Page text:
I came across the Library of Babel some time ago, yet it continues to intrigue me and allows me to indulge in the more philosophical aspects of my brain. In short, it’s a system that allows for mathematically generated text to be created and destroyed and recalled instantly. It’s a gem of literary creativity, even if isn’t technically a human literary achievement. As taken from their website (which you should really go explore, if only to marvel at the very concept of mathematically generated text), it states that:
“The Library of Babel is a place for scholars to do research, for artists and writers to seek inspiration, for anyone with curiosity or a sense of humor to reflect on the weirdness of existence … completed, it would contain every possible combination of 1,312,000 characters … it would contain every book that ever has been written, and every book that ever could be … At present it contains all possible pages of 3200 characters, about 104677 books.”
This means that every book, blog post, tweet, facebook update, article, etc. ever written or consumed exists out there. Which means everything that can possibly be written already has been “written”, regardless of whether it’s ever been committed to paper or even conceived. Which reminds me of Terry Pratchett’s L-space or Neil Gaiman’s Lucien’s library or any other hypothetical space where everything written simultaneously does and does not exist, just like that concept you wanted to work on, that poem you wanted to write about your last date, or that next entry in your diary. It’s in there… It just hasn’t been generated and exposed to the world. Not yet at least. But the concept also creates a lot of questions.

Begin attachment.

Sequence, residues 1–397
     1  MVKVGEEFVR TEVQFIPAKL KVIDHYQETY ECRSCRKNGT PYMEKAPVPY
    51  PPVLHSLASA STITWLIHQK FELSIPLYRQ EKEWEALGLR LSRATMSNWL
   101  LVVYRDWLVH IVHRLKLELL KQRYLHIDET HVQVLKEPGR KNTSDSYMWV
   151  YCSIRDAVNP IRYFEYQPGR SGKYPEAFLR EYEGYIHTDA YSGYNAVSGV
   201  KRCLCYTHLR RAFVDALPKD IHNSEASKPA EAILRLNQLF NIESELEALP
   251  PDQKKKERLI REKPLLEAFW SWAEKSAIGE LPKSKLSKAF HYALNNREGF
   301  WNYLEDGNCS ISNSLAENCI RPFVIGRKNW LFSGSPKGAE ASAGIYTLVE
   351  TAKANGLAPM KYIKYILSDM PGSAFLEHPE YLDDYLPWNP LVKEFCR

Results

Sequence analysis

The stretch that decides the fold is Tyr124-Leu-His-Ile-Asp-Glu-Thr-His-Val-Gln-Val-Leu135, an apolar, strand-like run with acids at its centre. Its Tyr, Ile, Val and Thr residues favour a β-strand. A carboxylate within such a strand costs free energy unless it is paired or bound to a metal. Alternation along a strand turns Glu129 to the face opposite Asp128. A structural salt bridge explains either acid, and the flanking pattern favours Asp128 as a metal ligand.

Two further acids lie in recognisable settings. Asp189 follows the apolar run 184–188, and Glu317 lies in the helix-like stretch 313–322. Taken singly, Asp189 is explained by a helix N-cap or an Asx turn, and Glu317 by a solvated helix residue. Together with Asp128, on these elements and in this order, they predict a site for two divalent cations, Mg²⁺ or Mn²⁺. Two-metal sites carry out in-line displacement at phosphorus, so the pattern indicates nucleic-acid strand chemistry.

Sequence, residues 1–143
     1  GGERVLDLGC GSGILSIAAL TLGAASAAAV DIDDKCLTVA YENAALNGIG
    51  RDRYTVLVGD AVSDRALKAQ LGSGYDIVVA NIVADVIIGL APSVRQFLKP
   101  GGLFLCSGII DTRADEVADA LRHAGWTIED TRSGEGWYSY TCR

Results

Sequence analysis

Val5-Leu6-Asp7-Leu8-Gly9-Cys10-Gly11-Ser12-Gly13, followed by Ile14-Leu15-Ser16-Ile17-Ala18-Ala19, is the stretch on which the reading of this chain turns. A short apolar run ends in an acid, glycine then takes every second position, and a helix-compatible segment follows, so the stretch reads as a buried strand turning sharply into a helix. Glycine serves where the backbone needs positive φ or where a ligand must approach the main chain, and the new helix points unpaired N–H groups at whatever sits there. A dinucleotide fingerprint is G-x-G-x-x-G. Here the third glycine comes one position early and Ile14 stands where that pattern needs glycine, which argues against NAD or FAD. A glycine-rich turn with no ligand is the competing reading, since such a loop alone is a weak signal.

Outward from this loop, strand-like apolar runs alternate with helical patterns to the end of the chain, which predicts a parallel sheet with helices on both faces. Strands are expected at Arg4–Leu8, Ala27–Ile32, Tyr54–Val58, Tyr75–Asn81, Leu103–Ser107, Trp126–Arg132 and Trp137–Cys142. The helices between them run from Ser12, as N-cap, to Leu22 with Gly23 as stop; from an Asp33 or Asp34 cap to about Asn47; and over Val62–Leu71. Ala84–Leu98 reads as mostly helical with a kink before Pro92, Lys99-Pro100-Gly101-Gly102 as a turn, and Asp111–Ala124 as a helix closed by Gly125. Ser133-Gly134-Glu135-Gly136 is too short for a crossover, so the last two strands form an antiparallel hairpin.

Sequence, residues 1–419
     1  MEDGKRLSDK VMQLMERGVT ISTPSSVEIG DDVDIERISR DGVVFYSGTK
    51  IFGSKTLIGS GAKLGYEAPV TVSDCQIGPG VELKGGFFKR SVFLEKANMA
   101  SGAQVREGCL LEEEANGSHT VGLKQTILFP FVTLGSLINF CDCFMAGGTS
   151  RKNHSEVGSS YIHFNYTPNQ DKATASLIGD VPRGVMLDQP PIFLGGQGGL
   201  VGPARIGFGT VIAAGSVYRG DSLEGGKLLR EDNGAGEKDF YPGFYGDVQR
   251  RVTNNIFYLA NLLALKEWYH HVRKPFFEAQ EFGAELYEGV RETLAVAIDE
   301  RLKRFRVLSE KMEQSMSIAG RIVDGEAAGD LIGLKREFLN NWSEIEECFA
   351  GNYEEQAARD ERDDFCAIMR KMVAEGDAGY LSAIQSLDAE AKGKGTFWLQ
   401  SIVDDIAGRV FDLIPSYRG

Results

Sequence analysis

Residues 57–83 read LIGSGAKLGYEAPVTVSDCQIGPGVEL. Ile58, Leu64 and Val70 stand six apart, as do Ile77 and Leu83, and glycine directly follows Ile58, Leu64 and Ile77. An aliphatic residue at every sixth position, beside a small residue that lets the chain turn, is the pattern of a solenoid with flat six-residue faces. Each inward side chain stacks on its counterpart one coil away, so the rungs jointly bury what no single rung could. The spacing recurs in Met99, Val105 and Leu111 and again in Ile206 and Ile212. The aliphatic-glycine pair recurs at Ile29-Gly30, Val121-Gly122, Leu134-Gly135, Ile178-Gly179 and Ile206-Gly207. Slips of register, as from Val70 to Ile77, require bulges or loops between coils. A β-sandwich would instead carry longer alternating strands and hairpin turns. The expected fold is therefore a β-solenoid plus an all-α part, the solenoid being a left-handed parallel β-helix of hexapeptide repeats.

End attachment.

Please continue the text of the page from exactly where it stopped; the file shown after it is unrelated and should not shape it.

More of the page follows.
Are there be masterpieces of poetry hidden inside, waiting to be discovered rather than written? If I found one, can I publish it as my own? Or is that already someone else’s intellectual property? Or would the act of finding it bring it to existence? Furthermore, can I ever hope to be original? If what I’m writing has already been written, does it mean I plagiarized it, even if I wasn’t aware of its existence or it wasn’t written by a human or at least with human intent? Is the Library of Babel art? Should the entire idea or concept be considered an art project, or a mere exercise of mathematical magics? If so, what does it mean?
I don’t have answers to any of these questions, nor do I pretend to have any. Most art comes from, or references, other art and the Library of Babel certainly references other pieces of work. In fact it references every piece of work, real and in potentia, but not explicitly so. Maybe it’s a metaphor for the creative process or a maybe it’s just a machine that recreates something that does or doesn’t really exist yet. I don’t know. But it makes me wonder.
What do you think? What does this project say about creativity, about writing in general and about plagiarism? Does it say anything at all? And just to be clear, this blog post already exists/existed in Babel.
Let me know and do like, share and subscribe. Stay tuned!